See Citizens United.

Article 20. (1) Everyone has the right to freedom of peaceful assembly and association. (2) No one may be compelled to belong to an association.

Unions just get in the way.

Article 21. (1) Everyone has the right to take part in the government of his country, directly or through freely chosen representatives.

One company, one vote. Unless you live in the City of London. Seriously. Watch this:

Article 24. Everyone has the right to rest and leisure, including reasonable limitation of working hours and periodic holidays with pay.

There go 24-hour 7-Elevens. Companies can now vacation with pay in the Cayman Islands, where they’re already dodging taxes.

Article 25. (1) Everyone has the right to a standard of living adequate for the health and well-being of himself and of his family, including food, clothing, housing and medical care and necessary social services, and the right to security in the event of unemployment, sickness, disability, widowhood, old age or other lack of livelihood in circumstances beyond his control.

“In the event of unemployment.” So if you’re a contractor without any jobs, the state’s got your back. Same logic applies if you can’t find anyone to work at your poison or porn factory.

Article 26: (1) Everyone has the right to education. Education shall be free, at least in the elementary and fundamental stages. Elementary education shall be compulsory…

I can’t wait to see Hobby Lobby, Starbucks and Hustler perform in this year’s compulsory kindergarten play.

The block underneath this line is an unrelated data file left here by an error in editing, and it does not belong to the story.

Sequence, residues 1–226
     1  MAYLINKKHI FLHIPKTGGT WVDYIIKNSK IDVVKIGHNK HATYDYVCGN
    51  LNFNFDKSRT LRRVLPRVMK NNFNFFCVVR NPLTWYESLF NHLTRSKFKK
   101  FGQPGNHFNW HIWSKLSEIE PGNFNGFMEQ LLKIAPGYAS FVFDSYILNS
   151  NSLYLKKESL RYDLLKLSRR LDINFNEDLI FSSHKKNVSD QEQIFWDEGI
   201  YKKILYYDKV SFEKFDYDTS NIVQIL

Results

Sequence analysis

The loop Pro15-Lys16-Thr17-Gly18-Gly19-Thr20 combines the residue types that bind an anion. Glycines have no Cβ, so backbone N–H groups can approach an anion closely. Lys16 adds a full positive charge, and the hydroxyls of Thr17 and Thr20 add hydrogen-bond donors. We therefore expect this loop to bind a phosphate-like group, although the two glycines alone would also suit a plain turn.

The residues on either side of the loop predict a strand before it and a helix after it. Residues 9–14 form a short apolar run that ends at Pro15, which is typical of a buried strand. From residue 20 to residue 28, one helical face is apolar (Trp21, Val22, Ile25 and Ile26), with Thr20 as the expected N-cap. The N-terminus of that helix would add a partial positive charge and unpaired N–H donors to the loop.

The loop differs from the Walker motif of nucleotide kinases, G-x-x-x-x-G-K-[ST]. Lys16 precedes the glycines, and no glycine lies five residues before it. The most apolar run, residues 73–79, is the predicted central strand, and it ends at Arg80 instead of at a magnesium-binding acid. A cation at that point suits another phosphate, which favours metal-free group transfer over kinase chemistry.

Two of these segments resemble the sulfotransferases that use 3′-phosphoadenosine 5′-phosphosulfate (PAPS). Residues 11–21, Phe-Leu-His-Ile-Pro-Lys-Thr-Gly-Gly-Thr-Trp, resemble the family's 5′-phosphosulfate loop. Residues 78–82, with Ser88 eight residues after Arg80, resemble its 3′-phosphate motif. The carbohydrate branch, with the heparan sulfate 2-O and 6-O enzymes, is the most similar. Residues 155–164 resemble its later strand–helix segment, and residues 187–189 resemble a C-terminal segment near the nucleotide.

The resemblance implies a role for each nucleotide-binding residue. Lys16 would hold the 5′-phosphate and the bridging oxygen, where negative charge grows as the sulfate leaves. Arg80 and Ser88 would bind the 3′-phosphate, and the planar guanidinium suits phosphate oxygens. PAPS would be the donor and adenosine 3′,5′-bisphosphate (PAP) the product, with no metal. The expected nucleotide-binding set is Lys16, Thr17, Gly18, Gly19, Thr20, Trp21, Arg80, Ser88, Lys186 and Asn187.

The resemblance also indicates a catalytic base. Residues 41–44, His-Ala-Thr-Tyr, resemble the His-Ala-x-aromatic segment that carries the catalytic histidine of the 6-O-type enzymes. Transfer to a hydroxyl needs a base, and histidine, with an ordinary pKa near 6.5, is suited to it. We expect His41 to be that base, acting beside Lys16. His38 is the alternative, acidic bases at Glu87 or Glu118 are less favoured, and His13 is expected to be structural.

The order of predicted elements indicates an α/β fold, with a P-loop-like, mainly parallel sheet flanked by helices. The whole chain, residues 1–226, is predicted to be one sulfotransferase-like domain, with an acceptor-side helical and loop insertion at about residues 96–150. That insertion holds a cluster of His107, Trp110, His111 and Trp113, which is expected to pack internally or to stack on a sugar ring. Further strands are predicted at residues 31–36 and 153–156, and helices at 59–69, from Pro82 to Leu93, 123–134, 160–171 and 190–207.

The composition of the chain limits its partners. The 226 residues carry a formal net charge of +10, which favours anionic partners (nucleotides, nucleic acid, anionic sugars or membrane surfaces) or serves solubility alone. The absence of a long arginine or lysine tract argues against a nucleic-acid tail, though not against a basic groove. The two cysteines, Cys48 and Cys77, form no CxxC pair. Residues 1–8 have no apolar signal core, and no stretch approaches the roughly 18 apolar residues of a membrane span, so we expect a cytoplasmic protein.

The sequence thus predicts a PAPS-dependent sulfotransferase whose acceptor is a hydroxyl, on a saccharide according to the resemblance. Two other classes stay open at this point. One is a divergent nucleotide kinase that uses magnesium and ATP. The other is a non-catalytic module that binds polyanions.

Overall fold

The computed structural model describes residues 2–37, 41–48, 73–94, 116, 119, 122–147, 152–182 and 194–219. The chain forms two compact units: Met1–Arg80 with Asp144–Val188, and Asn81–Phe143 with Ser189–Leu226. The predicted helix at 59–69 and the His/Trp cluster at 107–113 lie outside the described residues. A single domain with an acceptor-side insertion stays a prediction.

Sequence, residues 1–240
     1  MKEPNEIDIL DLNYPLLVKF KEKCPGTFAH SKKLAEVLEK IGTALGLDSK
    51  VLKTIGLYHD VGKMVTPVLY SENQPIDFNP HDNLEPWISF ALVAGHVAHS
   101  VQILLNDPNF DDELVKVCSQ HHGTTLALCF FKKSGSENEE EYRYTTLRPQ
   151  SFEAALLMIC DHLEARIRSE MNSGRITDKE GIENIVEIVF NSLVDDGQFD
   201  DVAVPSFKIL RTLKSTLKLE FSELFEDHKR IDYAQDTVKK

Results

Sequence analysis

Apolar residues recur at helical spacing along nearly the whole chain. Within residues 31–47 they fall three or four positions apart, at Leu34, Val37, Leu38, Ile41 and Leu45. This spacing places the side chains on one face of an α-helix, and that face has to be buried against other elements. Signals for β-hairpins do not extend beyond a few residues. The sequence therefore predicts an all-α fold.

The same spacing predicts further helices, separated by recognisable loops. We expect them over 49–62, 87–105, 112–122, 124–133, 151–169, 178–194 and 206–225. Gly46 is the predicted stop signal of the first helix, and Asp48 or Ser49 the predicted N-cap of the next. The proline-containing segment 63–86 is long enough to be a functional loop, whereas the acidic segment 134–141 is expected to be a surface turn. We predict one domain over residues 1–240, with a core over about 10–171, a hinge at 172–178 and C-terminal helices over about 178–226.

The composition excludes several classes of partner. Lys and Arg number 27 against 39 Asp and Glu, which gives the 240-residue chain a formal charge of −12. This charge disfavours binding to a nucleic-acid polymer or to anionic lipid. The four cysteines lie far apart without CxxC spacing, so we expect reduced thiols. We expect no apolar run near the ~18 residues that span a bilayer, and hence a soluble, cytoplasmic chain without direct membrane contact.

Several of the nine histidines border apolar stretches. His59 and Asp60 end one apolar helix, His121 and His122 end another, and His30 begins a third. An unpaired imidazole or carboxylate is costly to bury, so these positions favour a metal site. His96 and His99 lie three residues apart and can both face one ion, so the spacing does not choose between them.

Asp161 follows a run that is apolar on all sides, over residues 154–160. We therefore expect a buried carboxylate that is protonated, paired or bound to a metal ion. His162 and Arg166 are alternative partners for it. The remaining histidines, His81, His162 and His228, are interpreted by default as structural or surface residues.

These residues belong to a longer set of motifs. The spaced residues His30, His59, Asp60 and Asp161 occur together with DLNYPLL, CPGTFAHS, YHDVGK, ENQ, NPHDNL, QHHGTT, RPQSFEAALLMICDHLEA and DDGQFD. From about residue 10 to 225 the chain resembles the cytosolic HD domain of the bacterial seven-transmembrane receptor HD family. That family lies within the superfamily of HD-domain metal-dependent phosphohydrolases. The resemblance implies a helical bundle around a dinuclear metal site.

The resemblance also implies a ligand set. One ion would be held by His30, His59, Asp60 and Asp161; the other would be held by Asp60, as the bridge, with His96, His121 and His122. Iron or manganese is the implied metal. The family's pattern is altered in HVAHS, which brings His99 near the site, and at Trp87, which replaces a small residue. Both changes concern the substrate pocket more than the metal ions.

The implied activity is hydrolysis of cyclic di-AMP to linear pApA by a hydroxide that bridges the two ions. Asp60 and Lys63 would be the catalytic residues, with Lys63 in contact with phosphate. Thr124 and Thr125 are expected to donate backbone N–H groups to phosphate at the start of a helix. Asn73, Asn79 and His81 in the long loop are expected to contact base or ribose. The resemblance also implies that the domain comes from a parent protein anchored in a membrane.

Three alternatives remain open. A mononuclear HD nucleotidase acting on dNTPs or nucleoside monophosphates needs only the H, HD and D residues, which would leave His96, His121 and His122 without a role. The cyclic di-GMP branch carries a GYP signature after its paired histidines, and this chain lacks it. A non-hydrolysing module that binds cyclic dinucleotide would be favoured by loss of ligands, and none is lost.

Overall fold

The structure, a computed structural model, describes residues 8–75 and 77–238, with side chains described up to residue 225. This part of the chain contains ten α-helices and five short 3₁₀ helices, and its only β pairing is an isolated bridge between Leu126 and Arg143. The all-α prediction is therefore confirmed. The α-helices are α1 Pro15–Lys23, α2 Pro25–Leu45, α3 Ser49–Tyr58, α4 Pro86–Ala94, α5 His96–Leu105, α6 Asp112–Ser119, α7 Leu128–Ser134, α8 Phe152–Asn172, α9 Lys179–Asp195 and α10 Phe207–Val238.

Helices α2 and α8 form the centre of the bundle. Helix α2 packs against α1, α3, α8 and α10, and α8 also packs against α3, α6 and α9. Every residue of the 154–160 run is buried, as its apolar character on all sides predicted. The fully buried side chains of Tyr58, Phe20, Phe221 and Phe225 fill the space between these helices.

Article 26: (2) Education shall be directed to the full development of the human personality and to the strengthening of respect for human rights and fundamental freedoms. It shall promote understanding, tolerance and friendship among all nations, racial or religious groups, and shall further the activities of the United Nations for the maintenance of peace.

I predict many many many courses on corporate social responsibility.

Article 23: (3) Parents have a prior right to choose the kind of education that shall be given to their children.

Parent companies, of course.

Article 27. (2) Everyone has the right to the protection of the moral and material interests resulting from any scientific, literary or artistic production of which he is the author.

So if a person works for a company, who gets the patent? We’ve been debating this one for decades…

Article 28. Everyone is entitled to a social and international order in which the rights and freedoms set forth in this Declaration can be fully realized.

Sounds nice, but I’m not sure that’s possible if corporate people (?) and human people have the same, at times competing, rights. We shall see.

Article 29: (2) In the exercise of his rights and freedoms, everyone shall be subject only to such limitations as are determined by law solely for the purpose of securing due recognition and respect for the rights and freedoms of others and of meeting the just requirements of morality, public order and the general welfare in a democratic society.

That’s a pretty high bar for companies. Are you sure?

Article 30. Nothing in this Declaration may be interpreted as implying for any State, group or person any right to engage in any activity or to perform any act aimed at the destruction of any of the rights and freedoms set forth herein.

Phew! I was worried there for a minute. Corporations always act with society’s best interest at heart. Let’s give them the benefit of the doubt and see how this plays out. What could possibly go wrong?